single molecule

Figure 1. Single molecule embedded in a transparent solid. The region enclosed in the circle is called impurity center.

impurity center

Figure 1a. An impurity center consists of one molecule and its closest surrounding

Homogeneous spectral  line shape

Let us consider  the absorption of light by one single molecule embedded in an optically transparent solid. An example of such solid could be a piece of plastic  or polymer material, a chunk of a laser crystal or a piece of simple window glass. The relevant  quantum-mechanical system consists of  the electronic and vibrational degrees of freedom  of the molecule and of the vibrational motion of the surrounding solid. Figure 1 shows a molecule  surrounded by a solid.  The molecule together with its closest neighbors (region inside red circle) is called impurity center. The absorption spectrum of one molecule is called  homogeneous absorption spectrum or homogeneous line shape. Suppose that absorption occurs because of transition  from the ground electronic state  of the impurity center to it's excited electronic state. For organic dye molecules the ground electronic sate is singlet Sand the excited electronic state is the lowest excited singlet S1. The absorption spectrum  gives the probability of transition from the ground state to the excited state as a function of frequency n (or as a function of wavelength, l=c/n). Experimentally, the absorption spectrum is obtained by illuminating the crystal with a  beam of light of frequency n, and by measuring the ratio, I(n)/I0(n), where I0(n) and I(n) is the intensity at the input and at the output of the crystal, respectively.

variation od homogenous absorption

Figure 2. Variation of the homogeneous absorption spectrum with temperature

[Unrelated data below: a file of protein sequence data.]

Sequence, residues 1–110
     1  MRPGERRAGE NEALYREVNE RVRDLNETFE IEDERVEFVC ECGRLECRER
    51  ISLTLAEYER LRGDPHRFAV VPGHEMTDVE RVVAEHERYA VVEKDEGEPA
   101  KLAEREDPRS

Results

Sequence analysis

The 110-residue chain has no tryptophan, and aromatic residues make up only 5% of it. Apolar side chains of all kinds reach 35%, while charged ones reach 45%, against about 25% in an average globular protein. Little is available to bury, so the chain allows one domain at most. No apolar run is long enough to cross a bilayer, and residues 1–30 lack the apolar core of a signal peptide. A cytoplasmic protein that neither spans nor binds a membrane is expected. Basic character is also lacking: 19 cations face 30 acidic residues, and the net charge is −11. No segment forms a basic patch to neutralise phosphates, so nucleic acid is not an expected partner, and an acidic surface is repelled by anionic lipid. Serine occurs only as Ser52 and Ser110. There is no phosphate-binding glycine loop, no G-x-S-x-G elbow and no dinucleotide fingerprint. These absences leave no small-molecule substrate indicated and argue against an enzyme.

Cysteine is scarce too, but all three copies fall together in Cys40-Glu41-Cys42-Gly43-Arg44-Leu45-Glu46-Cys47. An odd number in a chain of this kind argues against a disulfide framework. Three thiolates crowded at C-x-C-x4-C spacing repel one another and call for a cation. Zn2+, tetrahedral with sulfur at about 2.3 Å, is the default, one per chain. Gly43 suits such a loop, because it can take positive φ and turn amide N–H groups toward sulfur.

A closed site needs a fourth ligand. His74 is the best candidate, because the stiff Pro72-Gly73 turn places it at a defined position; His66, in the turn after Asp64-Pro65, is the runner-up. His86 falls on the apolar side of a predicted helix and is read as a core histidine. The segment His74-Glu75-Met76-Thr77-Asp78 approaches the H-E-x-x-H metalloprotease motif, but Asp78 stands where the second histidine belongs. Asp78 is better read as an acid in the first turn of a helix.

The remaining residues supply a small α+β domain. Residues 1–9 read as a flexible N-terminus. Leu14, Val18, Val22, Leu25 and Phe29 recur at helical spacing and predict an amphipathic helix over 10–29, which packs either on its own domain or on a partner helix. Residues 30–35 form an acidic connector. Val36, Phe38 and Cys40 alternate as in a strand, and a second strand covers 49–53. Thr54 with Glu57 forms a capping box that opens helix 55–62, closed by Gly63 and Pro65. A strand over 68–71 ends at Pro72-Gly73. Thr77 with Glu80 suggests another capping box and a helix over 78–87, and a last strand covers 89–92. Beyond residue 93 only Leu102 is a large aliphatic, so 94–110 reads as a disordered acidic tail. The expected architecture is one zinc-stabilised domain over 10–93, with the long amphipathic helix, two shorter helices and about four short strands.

In the first approximation, the absorption spectrum has a sharp maximum, where the frequency n equals the  energy difference between the states, divided by Planck's constant, n = (E(S1)-E(S0))/h. This is most true if the molecule is free in gas phase. In the solid, however, the transition probability depends also on the coordinates of the surrounding atoms. More precisely, the probability is a function of the density and of the frequency of  the vibrational states of the solid. Crystal lattice vibrations, which propagate like waves are called phonons.  Most critical is the presence of such phonons, which are part of the ground state wave function. Because the phonon state population varies largely with the temperature of the crystal, the whole absorption spectrum depends strongly on the temperature. Figure 2 shows how the homogeneous absorption spectrum of the molecule changes if the  temperature is varied between room temperature (T=300 K ) and absolute zero temperature (T=0). At higher temperatures T=100 - 300 K the spectrum is tens to hundreds of cm-1 broad. It hardly contains any sharp structure. Since typical phonons in a solid matrix have an energy quanta of  hnph ~10 - 1000 cm-1, the thermal motion at around room temperature ( kT~300 cm-1) has enough energy  to excite a wealth of phonons.   If many phonons are present, then each time the electronic  transition occurs in the impurity center, it is impossible to predict what will be exactly the energy difference between the ground state and the excited state. Therefore the  room temperature absorption spectrum appears to be broad and without sharp lines. It consists mostly of what is called phonon side band. At lower temperatures, however, the  number of phonons is much reduced. Then there exists a real  probability for  electronic transitions where the phonons do not participate at all. Such transitions are called zero phonon transitions. Their important property is that they have a very well defined frequency. The corresponding spectral feature shows up as a narrow zero phonon line (ZPL). The narrowest and most intense zero phonon line is observed at absolute zero temperature. The width of the ZPL is then given by the inverse value of the excited state's lifetime. The phonon side band reduces at low temperatures to a relatively weak feature on the shorter wavelength side of the ZPL. In some special cases the zero phonon line  can be detected already at  liquid nitrogen temperature (T=77oK), however more typical is that the sample has to be first cooled to 10 - 20 K.


Figure 3a. Random fluctuations of the crystal structure cause random changes of the nearest environment of five chemically identical molecules;

Inhomogeneous line broadening